They brought their time
They brought their energy
Most importantly, they brought their MONEY! ...and tons of it!
The industry started to cater to individuals with money to keep themselves alive. The definition of MMORPGs changed. It became more about satisfying as many individuals as possible in order to increase conversion rate and improve upon retention rates.
The old players who shaped the genre and even risked a high school beating by smiling to their peers and saying "I play Role Playing Games" suddenly were no longer important. For every single player that struggled and defended the notion of the P2P and the time sinks that existed, there were 100s of players that had their opinions written and accepted simply from throwing a dollar into it.
No Longer was an MMORPG about being throw into a large world where it was the purpose of the player characters to stick together and solve the mystery of the world. No! Now the genre was about becoming as strong as possible and PvPing each other to Oblivion. You could become the "KING OF THE WORLD" or even a God.... etc, all you had to do was spend thousands to tens of thousands on your character and victory will be yours.
The genre went from being one where Time itself was the reason people were not on an equal footing to that of Money being the reason people are not on equal footing.
So when people talk about what are the TOP 10 games....
Is that really from the Old School Population that survived to today and managed to play all the games on the list? Or is it coming truly from the idea and influence on market succeess brought forth by the new generation of players and the new identity this genre took?
I feel that before WoW there was a completely different definition to MMORPGs
After WoW's impact, the industry revived itself and took on a new identity and redefined the definition to MMORPGs.
I don't blame WoW.
Blizzard did what it needed to do!
Not be lazy and make a game that was high quality and really stick to it.
I blame the many companies that instead of trying to make a good game, decided to be lazy as hell and surrender. Americans took it to heart when several Korean companies joked that we couldn't make a decent game worth anything in 2003. Once we released the King of MMOs, All our Asian Counterparts can do is introduce the latest Soft-Core Porn-Selling point to their F2P/P2Ws and try to make WoW clones to cash in on Blizzard's Success... From Joking to becoming the Joke itself..... Worse Part... The west had to learn the hard way and it did...
I don't count games in the top 10 list that are DEAD GAMES.
We know WoW is a given, however, if a list was made of games before WoW and another of games after WoW, there would be such a big difference between the games and their communities that its not even funny. :P
So I clicked on the Link that Susie posted and it lead me to the Square-Enix FF XIV forums. I then clicked on the link in that post and it lead me to a Reddit Page; Which then in turned lead me to the second link in this thread.
In that link there is a channel owner and of course the donation money will be going towards.
Having read the Terms of Service Agreement,
Tiltify uses around 5% of anything donated as a Service Fee to the site itself. It goes on to further state that all donations are unrestricted gifts when the laws have donation limits.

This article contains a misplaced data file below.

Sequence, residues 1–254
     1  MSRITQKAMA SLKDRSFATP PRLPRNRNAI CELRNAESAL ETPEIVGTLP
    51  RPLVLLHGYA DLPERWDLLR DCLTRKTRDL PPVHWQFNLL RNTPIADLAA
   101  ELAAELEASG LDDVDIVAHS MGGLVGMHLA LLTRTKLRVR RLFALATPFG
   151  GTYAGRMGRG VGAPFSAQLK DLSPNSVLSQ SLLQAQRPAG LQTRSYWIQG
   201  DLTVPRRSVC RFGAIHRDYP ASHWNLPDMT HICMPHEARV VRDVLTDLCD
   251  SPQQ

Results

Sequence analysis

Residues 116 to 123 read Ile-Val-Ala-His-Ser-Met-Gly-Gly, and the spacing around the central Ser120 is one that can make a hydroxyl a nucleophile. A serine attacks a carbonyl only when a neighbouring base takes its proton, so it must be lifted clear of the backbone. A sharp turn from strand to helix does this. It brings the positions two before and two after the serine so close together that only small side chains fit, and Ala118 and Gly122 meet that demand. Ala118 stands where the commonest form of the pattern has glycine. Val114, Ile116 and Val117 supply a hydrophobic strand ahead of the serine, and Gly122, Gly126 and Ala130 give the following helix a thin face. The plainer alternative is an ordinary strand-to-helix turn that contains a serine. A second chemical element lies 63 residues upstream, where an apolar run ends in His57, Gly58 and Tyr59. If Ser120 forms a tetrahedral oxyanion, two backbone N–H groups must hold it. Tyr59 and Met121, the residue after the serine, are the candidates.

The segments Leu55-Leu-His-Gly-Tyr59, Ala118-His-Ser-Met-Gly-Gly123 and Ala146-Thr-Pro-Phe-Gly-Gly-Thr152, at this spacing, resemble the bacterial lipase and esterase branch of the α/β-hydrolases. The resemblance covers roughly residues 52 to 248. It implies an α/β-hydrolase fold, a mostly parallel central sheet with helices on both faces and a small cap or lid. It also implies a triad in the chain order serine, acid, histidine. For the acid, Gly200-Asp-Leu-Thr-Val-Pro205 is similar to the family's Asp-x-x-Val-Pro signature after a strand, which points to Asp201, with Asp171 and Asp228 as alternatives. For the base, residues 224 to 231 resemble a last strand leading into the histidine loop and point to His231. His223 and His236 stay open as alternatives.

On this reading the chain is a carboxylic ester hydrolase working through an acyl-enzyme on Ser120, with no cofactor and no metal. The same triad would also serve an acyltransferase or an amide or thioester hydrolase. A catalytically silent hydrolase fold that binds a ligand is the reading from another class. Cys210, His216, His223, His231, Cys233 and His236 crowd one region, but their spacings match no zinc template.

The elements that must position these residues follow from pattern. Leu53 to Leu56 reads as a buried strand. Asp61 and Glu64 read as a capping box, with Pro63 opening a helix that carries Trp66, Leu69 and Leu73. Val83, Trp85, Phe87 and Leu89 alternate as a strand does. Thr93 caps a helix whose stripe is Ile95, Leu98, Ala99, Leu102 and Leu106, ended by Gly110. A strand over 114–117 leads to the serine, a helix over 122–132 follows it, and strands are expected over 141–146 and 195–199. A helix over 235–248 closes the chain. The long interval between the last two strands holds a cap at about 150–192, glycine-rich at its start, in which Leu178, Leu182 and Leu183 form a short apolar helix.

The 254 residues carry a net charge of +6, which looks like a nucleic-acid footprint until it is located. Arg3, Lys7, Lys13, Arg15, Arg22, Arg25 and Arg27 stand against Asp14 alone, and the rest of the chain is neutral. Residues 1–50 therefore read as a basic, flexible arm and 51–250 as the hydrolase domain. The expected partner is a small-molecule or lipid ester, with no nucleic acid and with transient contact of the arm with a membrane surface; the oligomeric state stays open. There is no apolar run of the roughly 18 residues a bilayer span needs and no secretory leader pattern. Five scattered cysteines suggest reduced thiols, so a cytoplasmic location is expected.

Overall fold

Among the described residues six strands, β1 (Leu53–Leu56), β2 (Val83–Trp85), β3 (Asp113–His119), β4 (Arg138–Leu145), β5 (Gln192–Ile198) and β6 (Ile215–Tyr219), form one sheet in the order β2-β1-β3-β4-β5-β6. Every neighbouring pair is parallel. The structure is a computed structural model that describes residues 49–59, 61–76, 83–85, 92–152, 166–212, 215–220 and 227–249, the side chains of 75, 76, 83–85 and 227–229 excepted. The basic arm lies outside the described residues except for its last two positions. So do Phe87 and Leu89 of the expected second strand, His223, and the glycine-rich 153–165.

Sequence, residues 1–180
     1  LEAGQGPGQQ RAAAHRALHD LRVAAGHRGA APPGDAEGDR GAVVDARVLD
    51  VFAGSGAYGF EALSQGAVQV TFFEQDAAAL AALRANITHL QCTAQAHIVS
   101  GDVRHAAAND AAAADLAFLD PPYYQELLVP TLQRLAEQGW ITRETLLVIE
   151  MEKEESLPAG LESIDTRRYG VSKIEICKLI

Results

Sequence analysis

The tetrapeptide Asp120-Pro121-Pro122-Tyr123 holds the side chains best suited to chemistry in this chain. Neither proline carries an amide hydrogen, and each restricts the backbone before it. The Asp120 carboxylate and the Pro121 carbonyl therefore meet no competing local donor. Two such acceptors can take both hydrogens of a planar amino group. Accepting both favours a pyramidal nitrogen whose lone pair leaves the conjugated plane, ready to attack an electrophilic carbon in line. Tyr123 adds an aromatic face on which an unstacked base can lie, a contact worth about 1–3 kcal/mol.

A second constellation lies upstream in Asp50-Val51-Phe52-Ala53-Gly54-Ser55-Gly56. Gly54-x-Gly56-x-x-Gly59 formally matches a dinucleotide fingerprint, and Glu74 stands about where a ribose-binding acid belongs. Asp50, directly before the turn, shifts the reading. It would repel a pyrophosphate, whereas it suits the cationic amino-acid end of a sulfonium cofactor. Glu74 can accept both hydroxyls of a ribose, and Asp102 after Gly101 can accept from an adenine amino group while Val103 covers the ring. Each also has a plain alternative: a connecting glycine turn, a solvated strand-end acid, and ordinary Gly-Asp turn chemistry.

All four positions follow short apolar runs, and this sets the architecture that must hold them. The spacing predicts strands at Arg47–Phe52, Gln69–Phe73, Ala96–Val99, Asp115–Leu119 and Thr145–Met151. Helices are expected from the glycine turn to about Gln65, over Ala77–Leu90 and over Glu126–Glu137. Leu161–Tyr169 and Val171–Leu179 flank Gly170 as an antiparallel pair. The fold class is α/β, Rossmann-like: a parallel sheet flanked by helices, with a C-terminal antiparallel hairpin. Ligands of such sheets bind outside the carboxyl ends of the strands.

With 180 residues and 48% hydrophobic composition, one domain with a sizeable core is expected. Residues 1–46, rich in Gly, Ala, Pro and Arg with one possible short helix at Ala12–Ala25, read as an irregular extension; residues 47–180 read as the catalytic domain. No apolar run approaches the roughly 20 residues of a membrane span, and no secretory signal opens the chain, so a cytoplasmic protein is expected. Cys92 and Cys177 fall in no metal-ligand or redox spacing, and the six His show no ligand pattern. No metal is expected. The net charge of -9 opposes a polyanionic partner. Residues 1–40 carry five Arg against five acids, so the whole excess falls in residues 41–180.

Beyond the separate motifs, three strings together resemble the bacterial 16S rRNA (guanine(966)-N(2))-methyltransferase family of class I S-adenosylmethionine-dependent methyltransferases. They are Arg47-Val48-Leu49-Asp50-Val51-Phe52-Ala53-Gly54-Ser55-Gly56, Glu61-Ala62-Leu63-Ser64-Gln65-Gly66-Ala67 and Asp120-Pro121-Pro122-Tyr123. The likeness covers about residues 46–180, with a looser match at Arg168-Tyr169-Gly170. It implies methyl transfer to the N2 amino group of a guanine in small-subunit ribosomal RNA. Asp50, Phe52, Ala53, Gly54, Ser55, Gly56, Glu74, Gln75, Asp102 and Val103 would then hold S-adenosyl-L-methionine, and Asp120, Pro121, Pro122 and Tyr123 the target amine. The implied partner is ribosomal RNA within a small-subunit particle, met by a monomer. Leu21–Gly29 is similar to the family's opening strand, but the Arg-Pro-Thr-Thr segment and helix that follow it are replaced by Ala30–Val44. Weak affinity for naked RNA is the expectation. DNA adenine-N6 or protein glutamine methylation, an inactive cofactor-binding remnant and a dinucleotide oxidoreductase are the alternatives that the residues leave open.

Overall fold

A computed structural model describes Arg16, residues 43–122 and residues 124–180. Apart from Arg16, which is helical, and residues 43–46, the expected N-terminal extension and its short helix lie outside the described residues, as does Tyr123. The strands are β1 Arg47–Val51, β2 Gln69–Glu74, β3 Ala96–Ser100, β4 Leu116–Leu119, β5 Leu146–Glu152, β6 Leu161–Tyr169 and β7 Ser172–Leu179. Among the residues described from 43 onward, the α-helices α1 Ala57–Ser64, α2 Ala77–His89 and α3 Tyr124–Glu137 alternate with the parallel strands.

The question then goes
"Does an individual receive a direct-receipt after donating amounts in excess of $250?" It is important because that is the law, yet nowhere does it actually make any mention of the four big laws that most people should know about charities.
Hats off to the people who play FF XIV who managed to fundraise.
However, like stated in a previous post.
If an individual cares deep enough to donate,
...they will donate directly to the cause and not to the cause through a third party or middle-man, who through legal jargon can legally keep 85% of every dollar donated. Newspapers today showed a list of Charities to avoid and how to make sure your money gets to where it needs to be.
Maybe I am weird, but for the most part I have almost everything I want in my life as far as money goes.
So lets see... I win a billion dollars. Next thing you know my name is on the paper and all across the world.
Now every jackhole will want to "become my friend" in order to have me "fund" their project. Every single evil associated with money will pop up and regardless what I spend or don't spend money on, the media will make sure that I am labeled as dark and evil for not giving it all away to idiotic charities.
Money won't buy me friends. Only associates and people who want my money. Money won't buy me time to speak to those whom death has taken away from me.
What I have learned is that while making money or winning money is a nice thing, it doesn't make life that easier, it makes it harder and everyone who earns more and has more than you will try to take it from you.
In this world, the very second you have anything worth of value to another, You can rest assured that someone will exist to take it away from you.
One day you will wake up and find that unless you worked real hard to make good friends, that people around you exist to take advantage of your social, political, and economic capita to their own ends... Unless you learn how to politely send them to hell and the art of how to make friends while annihilating your enemies.